choosing efficient strategies such as estimating and order of operation and applying them to exponent laws of numerical expressions with positive and negative integer exponents (AC9M9A01_E4)

recognising the relationship between expansion and factorisation and identifying algebraic factors in algebraic expressions including the use of digital tools to systematically explore factorisation from where one of b or c is fixed and the other coefficient is systematically varied (AC9M9A02_E3)

graph simple non-linear relations using graphing software where appropriate and solve linear and quadratic equations involving a single variable graphically, numerically and algebraically using inverse operations and digital tools as appropriate (AC9M9A04)

using graphs to determine the solutions to linear and quadratic equations (AC9M9A04_E2)

representing and solving linear and quadratic equations algebraically using a sequence of inverse operations and comparing these to graphical solutions (AC9M9A04_E3)

exploring quadratic functions through hunting techniques of Aboriginal and Torres Strait Islander Peoples by increasing the number of hunters to increase the area/circumference to catch more prey (AC9M9A05_E3)

Year 9 Measurement

exploring different scales in fractals on-Country/Place, expressing their different attributes using scientific notation (AC9M9M03_E3)

Year 9 Space

establishing and experimenting with the algorithm for determining the sum of the angles in an n-sided polygon (AC9M9SP04_E1)

investigating visual proofs of spatial theorems and design an algorithm to produce a visual proof (AC9M9SP04_E4)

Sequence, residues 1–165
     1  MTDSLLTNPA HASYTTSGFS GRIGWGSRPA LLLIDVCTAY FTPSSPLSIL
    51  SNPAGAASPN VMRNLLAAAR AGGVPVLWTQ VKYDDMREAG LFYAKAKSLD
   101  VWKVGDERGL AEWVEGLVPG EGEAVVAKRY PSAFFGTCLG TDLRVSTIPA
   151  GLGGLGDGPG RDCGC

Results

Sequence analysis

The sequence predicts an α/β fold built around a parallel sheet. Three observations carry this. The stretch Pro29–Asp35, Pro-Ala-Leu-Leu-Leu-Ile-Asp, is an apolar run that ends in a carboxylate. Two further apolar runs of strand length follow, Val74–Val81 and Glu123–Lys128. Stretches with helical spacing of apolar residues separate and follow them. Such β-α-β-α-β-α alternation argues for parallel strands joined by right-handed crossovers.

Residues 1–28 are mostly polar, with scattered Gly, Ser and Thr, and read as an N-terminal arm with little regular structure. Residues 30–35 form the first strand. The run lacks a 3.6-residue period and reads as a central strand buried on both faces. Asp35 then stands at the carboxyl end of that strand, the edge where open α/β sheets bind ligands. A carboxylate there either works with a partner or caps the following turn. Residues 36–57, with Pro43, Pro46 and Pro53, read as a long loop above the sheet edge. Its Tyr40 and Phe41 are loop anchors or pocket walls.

Year 9 Statistics

(Added 09/08/21) investigating where would be the best location for a tropical fruit plantation by conducting a statical investigation comparing different variables such as the annual rainfall in various parts of Australia, Indonesia, New Guinea and Malaysia, land prices and associated farming costs (AC9M9ST04_E3)

Year 10 Space

using dynamic geometric software to investigate the shortest path that touches three sides of a rectangle, starting and finishing at the same point and proving that the path forms a parallelogram (AC9M10SP02_E3)

Year 10 Statistics

investigating the relationship between two variables of spear throwers used by Aboriginal Peoples by using data to construct scatterplots, make comparisons, and draw conclusions (AC9M10ST03_E4)

23 Replies to “ACARA Crash 18: Errors in the Draft Mathematics Curriculum”

1. Christian Rau says:

The errors in the probability/statistics sets of questions – which are the only ones I looked through – seem to have a widely varying degree of seriousness. I certainly second the Year 2 Probability AC9M2P01_E4. Blissfully ignoring the number of trials is unforgivable. More forgivable is perhaps the fact that the probability of not drawing all names from the box may be extremely small (e.g. two names in the box, 1000 trials = draws) and hard to simulate as is, simply because in practically all samples the event occurs zero times.

Year 1 Statistics (AC9M1ST01_E1), “Are most flowers red?”, ignores the probability space from which the flowers are selected. The field out there? Or my book on the shelf? Such things can perhaps only be taught at uni level or shortly before, yet the question is perhaps justifiable at Year 1 level, with a grain of salt.